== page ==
He points out that Australia sort of has its own separate evolutionary strand, and that it came up with kangaroos where Africa had gone with gazelles. Kangaroos and gazelles don’t look much alike, but they fill the same niche. Just so, perhaps humans would not arise a second time, but something might well come up to fill that “smart things that may not be all that impressive physically but can live almost anywhere once they get their thumbs going” niche. On the other hand, he points out that New Zealand never got around to mammals, and ended up importing them, so the creature in that niche could be quite different from us.
And by an interesting coincidence, Eddie Izzard pointed out in the DVD we watched yesterday that humans have thumbs and communication and that makes us think we are so great.
It isn’t really an interesting coincidence. Chaos, Coincidence, and All That Jazz reminds us that coincidences lose all their interest as soon as we do some calculations on them. Some people feel a sense of loss at this, we are told, but then we are supposed to be comforted by the Dragon Curve fractals. If you want really clear, simple explanations of all those mathematical things like fractals and chaos theory and so forth, then this is the book for you. The authors seem to think that people who need really simple explanations of these very common ideas will also be interested in long columns of figures, and I think they are wrong about that, but you can always skip all those numbers.
My sister once told me that she was slightly alarmed by how much sheer lying around she could do. I see her point on that.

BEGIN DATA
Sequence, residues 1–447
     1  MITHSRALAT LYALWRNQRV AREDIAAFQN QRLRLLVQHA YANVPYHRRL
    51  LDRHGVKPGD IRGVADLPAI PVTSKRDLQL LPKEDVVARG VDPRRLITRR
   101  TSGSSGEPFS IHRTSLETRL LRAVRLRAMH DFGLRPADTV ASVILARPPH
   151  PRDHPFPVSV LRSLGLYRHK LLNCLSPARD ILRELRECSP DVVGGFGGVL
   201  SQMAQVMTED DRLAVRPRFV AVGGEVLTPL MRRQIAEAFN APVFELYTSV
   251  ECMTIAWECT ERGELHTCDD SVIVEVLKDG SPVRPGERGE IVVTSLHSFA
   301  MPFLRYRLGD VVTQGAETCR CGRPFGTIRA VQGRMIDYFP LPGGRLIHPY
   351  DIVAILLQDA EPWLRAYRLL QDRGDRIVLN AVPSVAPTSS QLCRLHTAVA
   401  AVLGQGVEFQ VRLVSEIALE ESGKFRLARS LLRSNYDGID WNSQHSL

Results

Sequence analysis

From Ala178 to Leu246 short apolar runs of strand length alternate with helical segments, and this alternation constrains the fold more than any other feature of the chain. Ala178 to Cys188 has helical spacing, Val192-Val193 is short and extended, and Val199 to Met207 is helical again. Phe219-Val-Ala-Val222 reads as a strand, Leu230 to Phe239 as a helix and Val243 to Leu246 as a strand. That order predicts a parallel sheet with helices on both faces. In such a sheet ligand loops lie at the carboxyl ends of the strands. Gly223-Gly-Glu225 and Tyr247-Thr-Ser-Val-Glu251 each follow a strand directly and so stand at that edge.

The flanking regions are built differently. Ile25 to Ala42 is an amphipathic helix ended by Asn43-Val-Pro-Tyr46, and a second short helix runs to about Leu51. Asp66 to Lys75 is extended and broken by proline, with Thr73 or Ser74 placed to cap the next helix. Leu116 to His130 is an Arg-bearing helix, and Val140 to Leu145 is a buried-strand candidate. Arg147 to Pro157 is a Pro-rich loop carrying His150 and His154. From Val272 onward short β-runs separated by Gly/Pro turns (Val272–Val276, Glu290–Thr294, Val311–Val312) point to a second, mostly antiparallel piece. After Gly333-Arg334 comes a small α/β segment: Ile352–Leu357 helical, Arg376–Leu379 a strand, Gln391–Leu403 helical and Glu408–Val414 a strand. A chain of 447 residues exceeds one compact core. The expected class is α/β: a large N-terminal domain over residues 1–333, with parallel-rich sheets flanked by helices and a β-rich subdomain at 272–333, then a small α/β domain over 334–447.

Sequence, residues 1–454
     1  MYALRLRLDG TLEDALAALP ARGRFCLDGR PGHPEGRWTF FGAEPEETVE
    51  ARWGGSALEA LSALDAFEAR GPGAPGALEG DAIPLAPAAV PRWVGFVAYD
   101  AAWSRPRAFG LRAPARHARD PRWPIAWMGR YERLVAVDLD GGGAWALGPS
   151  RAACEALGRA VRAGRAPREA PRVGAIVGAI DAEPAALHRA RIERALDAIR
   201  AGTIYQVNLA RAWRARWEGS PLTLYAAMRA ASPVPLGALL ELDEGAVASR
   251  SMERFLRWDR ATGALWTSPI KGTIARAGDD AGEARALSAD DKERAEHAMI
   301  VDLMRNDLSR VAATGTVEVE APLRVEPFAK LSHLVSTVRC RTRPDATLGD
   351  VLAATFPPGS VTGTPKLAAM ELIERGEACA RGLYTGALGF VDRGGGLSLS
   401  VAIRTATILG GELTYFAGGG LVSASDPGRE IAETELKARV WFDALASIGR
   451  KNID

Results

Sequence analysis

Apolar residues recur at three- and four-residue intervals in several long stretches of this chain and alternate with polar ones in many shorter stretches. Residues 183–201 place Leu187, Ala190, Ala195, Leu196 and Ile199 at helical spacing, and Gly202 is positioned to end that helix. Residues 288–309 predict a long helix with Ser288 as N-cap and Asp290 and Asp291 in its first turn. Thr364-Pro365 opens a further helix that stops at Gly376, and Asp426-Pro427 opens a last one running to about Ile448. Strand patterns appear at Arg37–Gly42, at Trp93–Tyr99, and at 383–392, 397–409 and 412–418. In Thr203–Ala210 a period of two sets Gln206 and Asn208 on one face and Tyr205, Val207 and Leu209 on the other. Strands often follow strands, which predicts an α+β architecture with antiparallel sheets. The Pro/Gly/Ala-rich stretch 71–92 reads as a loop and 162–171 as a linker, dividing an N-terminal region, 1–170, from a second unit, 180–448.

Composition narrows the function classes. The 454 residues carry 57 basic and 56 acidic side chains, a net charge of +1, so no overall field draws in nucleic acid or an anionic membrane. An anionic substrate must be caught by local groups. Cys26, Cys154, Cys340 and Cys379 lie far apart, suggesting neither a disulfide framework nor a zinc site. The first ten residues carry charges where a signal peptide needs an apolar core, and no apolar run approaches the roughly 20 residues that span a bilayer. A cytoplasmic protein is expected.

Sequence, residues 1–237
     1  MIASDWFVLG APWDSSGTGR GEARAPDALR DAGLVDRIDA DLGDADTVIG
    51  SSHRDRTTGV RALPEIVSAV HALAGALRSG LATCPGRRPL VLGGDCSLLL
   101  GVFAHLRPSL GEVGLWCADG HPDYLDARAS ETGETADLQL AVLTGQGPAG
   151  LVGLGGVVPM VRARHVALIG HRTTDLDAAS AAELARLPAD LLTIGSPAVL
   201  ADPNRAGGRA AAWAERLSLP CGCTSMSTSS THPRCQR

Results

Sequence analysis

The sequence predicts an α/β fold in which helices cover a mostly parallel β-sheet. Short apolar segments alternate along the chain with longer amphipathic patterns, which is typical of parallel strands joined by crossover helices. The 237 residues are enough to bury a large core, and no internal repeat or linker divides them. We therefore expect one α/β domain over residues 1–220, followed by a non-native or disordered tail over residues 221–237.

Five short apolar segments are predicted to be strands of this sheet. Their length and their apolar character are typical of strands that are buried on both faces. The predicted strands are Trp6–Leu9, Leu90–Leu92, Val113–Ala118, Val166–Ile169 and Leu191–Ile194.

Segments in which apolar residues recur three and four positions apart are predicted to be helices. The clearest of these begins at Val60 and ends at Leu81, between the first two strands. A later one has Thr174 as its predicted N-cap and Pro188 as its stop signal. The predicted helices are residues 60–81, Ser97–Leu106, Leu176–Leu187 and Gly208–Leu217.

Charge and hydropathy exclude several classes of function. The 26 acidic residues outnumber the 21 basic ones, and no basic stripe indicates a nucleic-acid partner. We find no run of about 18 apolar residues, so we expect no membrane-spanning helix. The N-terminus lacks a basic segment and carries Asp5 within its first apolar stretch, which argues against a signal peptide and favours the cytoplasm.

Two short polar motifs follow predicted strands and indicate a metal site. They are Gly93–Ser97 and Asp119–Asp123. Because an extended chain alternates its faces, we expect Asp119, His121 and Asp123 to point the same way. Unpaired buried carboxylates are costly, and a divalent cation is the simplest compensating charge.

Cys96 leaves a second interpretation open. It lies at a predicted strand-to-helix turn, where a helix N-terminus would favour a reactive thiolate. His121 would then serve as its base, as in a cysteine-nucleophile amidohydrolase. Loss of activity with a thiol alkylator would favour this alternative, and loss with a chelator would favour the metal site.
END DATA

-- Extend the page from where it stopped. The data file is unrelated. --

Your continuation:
With Erin’s knitting emergency completely cured by Kali Mama’s quick thinking, I have been able to continue on it. I have also done quite a few inches of the Silken Damask Luna on #1 needles. That is the curly shrimplike thing nestling with Erin in the picture. It has no ribbing, since there is this unaccountable shortage of #0 needles in my town, and so it is just curling up. I will do the ribbing after the 0s arrive. That is also when I will begin the Regal Orchid version of this sweater (Lavold’s Jasmine) for M. So far, I find this yarn very pleasant to work with. It has a slight inclination toward stranding, and I find that my stitches are a bit less even in this than in wool, but it feels very nice and has a good drape to it. I am looking forward to using it for the lace sections.
But vacations are supposed to include a lot of lying around. Unfortunately, hours of solid lying around lead to scenes like this one —
Okay. If you are a person of delicate sensibilities, perhaps you should just stop reading right now. I am about to show you a scene of raw horror.
Still with me? Well then, here it is:
It is dark and murky, and there are no severed limbs in it, but it is clear that my house no longer contains any surfaces not covered by stuff. #2 daughter’s still-packed suitcase, all the things she has taken out of her suitcase, the junk food packages #2 son conned me into buying, books and DVD cases, art supplies, and dumbbells litter all flat places in the house. Clearly, I will have to do something about that before I can continue with the lolling-around phase of my vacation.
The only positive thing about having to do a bunch of cooking and cleaning while on vacation is that it is even worse to come home from working all day during the kids’ spring break and deal with this kind of thing.